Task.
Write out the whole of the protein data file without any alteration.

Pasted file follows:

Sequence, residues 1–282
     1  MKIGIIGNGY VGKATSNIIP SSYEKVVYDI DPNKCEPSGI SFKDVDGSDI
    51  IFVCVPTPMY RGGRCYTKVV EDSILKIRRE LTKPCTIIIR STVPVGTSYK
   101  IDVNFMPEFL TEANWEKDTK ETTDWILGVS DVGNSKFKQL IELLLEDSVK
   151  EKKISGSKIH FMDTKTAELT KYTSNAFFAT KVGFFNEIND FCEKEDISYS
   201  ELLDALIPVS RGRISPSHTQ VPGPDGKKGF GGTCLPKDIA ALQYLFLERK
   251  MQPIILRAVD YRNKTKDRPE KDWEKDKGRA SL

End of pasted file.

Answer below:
Sequence, residues 1–282
     1  MKIGIIGNGY VGKATSNIIP SSYEKVVYDI DPNKCEPSGI SFKDVDGSDI
    51  IFVCVPTPMY RGGRCYTKVV EDSILKIRRE LTKPCTIIIR STVPVGTSYK
   101  IDVNFMPEFL TEANWEKDTK ETTDWILGVS DVGNSKFKQL IELLLEDSVK
   151  EKKISGSKIH FMDTKTAELT KYTSNAFFAT KVGFFNEIND FCEKEDISYS
   201  ELLDALIPVS RGRISPSHTQ VPGPDGKKGF GGTCLPKDIA ALQYLFLERK
   251  MQPIILRAVD YRNKTKDRPE KDWEKDKGRA SL